Envisaging the financial future of the business is not easy but is critical for long term growth and profitability. Organizations with strong OpEx and revenue planning processes and tools are able to make informed business decisions and stay ahead of the curve at all times. However, we see the vast majority still struggling with manual processes, with a high dependency on spreadsheets which results in an error-prone and lengthy planning process. The outcome of such processes is in-consistent and in-accurate forecasts that ultimately lead to poor and ineffective decision-making. The low adoption of AI and analytics also implies that the traditional tools cannot adapt to changing circumstances and factor in business growth and other customer variables.
The ability to make frequent adjustments enables better planning and more accurate forecasts. A pre-requisite for revenue and OpEx planning success is the in-built agility to quickly fine-tune in response to unexpected circumstances and market dynamics, as well as the resilience to accelerate revenue goals while aligning organizational execution to executive strategy. Let us look at the groundwork needed to improve multifaceted Revenue and OpEx planning processes:
Optimizing operating expenses provides the much-needed visibility into current spending and helps align the same to corporate objectives. It is important to ensure that the spending is against the right investment (people, projects, etc.) and not just another un-planned cost-cutting initiative. An efficient OpEx plan helps identify unnecessary spending and arms leadership with the relevant insight to determine areas that can be enhanced for higher productivity. For many CFOs, people productivity is the single and most common area of concern that contributes to a large portion of the overall organizational OpEx. Optimization efforts involve ensuring the right alignment of people skills to organizational objectives for higher productivity and reduced OpEx.
Even today the Finance function continues to reel under legacy technologies and the slow pace of change. Many organizations are still locked in a spreadsheet world. While investing in new-age planning and forecasting solutions, organizations should prioritize agility or the ability to adapt quickly to changing business scenarios. Modern solutions can leverage business drivers, zero-based methodologies, and other means to plan operating expenses and provide immediate aggregation and P&L impact. Most also understand the impact as information is updated, and have a dynamic set of drivers to model revenues and associated expense structures. The ability to evaluate the impact of operating expenses and implement course correction as required, provide real-time aggregation and income statement impact for leadership, and analyze various “what-if” scenarios for insightful decision-making, are some of the other key tenets of modern-day financial planning and forecasting solutions.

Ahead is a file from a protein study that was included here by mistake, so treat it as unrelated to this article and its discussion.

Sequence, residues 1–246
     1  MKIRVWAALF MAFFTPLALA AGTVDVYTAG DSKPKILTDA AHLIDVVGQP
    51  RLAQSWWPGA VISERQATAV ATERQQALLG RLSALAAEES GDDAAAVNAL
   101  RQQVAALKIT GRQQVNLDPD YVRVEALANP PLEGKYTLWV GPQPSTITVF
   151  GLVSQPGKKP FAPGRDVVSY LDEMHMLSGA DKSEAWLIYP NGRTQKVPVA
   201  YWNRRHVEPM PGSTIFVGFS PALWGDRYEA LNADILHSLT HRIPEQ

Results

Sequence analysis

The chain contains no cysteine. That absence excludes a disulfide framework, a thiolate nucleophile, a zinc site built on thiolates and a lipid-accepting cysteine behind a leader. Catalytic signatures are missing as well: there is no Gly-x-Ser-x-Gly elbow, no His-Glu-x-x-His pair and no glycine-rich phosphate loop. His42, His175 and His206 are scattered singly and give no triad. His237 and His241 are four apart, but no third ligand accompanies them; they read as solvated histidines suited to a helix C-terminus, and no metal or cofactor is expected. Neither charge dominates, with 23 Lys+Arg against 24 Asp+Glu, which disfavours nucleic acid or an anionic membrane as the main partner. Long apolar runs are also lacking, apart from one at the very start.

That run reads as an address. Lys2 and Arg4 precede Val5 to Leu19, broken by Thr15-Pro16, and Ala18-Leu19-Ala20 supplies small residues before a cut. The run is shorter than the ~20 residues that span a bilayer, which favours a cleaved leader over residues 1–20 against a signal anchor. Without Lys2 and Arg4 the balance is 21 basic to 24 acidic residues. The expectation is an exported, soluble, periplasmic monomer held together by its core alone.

Advanced technology solutions will not enable planning efficiency and success if the organization remains embedded in age-old practices with little or no alignment between different business functions. Planning success calls for a strong finance leadership with practices in place to cascade top-down targets and aligns to bottom-up plans for consensus-building and collaboration. CFOs and other visionaries need to align revenue targets to long-term strategic planning and factor in other aspects of geography, product, business unit, etc. Measuring revenue growth and variances, and then building in course-corrections as required, is an organization-wide initiative.
A fortune 500 insurance company was spending weeks on data compilation. Their fragmented tools and manual processes slowed down decision-making, thus intensifying the competitive pressure to compete, deliver value, serve customers in a timely and efficient manner. Integrating multiple planning processes on a single platform, the enterprise achieved a 25% faster annual planning cycle and 3x faster expense reporting and end-of-month financial statements.
Revenue and OpEx planning is one such activity that touches every part of the organisation, connecting people, processes, data, and technology. If executed properly, it has the potential to drive better business decisions and create a competitive advantage for the organization. Leveraging the right tools to enable vast scenario modeling, predictive and prescriptive analytics can assist organizations to better react to market risks and opportunities and deliver long-term business value.